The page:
China’s largest sweet lake sets record for early start of ‘dry season’

Poyang Lake, China’s largest freshwater lake, entered the so-called “dry season” this week, a record as the earliest start date for that phase as there are records from 1951, local media reported today.

The lake’s water level at its reference hydrological station dropped to 11.99 meters this Thursday, a figure considered the start of the “dry season,” according to the Water Resources Department of (southeast) Jiangxi Province, where it is located.

Little rain is expected in the area where the lake is located, so its water level will continue to drop

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Xinhua reported that the previous date of entering the earliest dry season was reported on August 6 last year, when the Puyang level fell below 12 meters.

Meanwhile, the highest water level in the lake was recorded on June 29 at 15.19 meters, about 4 meters lower than the average of previous years.

The weather forecast estimates that in the next 10 days there will be very little rain in that province

Meteorological forecasts estimate that in the next 10 days there will be little rain in that province, so the reserves of Puyang will continue to decline.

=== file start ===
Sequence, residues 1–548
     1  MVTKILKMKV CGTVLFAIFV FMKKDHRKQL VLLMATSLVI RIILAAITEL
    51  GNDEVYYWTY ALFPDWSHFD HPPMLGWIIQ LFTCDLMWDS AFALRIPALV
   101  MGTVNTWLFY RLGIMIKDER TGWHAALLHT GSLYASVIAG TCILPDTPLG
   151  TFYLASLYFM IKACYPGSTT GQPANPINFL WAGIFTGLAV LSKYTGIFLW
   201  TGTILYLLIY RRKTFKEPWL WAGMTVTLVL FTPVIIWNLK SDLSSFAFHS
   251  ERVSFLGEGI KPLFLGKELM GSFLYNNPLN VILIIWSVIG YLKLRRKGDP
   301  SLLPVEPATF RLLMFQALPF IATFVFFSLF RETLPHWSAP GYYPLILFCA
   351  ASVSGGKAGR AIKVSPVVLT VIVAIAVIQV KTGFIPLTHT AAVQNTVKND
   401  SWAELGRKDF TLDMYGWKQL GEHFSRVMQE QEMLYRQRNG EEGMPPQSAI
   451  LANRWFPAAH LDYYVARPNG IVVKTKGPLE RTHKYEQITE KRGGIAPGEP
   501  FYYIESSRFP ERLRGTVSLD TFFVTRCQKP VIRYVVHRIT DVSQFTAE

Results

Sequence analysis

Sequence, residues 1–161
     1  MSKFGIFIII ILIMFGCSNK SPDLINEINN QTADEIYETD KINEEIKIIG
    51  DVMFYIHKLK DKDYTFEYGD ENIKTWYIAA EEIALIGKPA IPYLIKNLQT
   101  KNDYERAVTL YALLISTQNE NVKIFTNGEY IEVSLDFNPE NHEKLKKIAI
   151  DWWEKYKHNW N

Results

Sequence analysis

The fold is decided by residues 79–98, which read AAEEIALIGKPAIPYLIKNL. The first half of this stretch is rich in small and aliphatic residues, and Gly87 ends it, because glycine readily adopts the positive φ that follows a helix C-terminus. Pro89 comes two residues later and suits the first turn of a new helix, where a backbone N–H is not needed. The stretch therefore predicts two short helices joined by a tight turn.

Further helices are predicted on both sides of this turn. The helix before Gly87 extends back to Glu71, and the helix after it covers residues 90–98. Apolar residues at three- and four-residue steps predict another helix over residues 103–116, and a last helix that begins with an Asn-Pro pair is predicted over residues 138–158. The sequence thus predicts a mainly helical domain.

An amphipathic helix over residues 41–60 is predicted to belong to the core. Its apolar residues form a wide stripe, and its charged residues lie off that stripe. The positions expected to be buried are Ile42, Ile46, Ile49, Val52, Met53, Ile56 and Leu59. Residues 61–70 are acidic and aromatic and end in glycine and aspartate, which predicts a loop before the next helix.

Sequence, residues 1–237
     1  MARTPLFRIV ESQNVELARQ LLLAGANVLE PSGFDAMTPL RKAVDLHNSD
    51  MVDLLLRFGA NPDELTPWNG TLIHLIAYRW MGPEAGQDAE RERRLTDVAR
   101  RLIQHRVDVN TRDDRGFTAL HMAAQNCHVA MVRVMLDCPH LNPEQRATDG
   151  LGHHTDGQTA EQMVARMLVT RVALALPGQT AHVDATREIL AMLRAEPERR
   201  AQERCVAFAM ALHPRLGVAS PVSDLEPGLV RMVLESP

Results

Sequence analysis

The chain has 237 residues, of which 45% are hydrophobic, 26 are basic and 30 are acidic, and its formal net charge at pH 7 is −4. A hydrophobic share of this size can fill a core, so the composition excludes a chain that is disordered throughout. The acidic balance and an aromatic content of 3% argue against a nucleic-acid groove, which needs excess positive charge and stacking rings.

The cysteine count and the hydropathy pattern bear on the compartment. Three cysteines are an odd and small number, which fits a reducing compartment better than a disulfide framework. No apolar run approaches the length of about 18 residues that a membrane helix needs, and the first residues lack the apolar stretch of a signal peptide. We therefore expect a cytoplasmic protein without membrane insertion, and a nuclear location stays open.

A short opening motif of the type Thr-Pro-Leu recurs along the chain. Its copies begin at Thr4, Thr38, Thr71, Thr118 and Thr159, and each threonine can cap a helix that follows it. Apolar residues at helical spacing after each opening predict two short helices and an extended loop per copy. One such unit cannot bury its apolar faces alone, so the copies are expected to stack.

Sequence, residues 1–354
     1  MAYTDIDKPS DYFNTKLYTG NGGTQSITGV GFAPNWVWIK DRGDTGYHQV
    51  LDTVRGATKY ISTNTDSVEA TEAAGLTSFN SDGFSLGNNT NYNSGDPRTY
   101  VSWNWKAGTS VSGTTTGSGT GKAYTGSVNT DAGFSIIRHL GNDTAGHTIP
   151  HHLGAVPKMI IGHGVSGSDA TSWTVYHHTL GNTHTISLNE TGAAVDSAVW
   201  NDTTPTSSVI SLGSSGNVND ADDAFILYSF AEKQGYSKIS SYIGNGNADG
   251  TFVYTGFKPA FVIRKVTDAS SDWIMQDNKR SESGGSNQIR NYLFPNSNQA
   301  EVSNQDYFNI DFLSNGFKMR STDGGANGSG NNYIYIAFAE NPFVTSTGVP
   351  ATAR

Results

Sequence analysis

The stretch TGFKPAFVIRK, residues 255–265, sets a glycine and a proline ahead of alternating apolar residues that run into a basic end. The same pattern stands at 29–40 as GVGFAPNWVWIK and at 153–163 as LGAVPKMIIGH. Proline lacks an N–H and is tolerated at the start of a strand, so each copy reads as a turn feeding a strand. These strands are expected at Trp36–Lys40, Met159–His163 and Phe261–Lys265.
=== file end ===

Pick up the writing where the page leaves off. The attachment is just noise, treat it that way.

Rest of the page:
China’s State Council (Executive) on Friday asked for redoubled efforts to alleviate the drought afflicting a large part of the country.

Northern China is experiencing an unprecedented heat wave this summer

At a meeting chaired by the Prime Minister, Li Qiang, the government ordered the strengthening of water distribution tasks in the hardest-hit areas and ensuring supply in rural and urban areas, especially those dedicated to grain production and harvesting.

Northern China is witnessing an unprecedented heat wave this summer that left records in some regions, such as the city of Turpan, located in the Xinjiang region (northwest), which recorded a record temperature of 52.2 degrees, the highest ever documented in that region.

Lack of rain and high temperatures have led to severe droughts in cereal-producing regions

Lack of rain and high temperatures have meant that cereal-producing regions face severe droughts, which can pose challenges for crop production.

A total of 918,000 hectares of land has been affected by drought in Inner Mongolia (North), while Hebei (North), which has been hit by a rare heat wave and experienced the lowest rainfall in six decades, has intensified efforts to save its dry lands, according to state media.

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